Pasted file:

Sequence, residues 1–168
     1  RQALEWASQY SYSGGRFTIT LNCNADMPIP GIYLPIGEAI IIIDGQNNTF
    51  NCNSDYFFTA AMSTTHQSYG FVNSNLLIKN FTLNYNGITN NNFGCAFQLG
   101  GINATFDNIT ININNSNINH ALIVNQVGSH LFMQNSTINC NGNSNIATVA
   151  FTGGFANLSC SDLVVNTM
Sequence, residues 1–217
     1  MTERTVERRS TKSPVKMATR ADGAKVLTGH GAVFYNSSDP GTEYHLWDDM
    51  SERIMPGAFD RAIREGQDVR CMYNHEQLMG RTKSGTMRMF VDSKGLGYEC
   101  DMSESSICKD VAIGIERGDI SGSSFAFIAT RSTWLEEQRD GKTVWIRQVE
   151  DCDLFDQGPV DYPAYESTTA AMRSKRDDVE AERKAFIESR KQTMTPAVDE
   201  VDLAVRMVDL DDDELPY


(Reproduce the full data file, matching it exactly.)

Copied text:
Sequence, residues 1–168
     1  RQALEWASQY SYSGGRFTIT LNCNADMPIP GIYLPIGEAI IIIDGQNNTF
    51  NCNSDYFFTA AMSTTHQSYG FVNSNLLIKN FTLNYNGITN NNFGCAFQLG
   101  GINATFDNIT ININNSNINH ALIVNQVGSH LFMQNSTINC NGNSNIATVA
   151  FTGGFANLSC SDLVVNTM
Sequence, residues 1–217
     1  MTERTVERRS TKSPVKMATR ADGAKVLTGH GAVFYNSSDP GTEYHLWDDM
    51  SERIMPGAFD RAIREGQDVR CMYNHEQLMG RTKSGTMRMF VDSKGLGYEC
   101  DMSESSICKD VAIGIERGDI SGSSFAFIAT RSTWLEEQRD GKTVWIRQVE
   151  DCDLFDQGPV DYPAYESTTA AMRSKRDDVE AERKAFIESR KQTMTPAVDE
   201  VDLAVRMVDL DDDELPY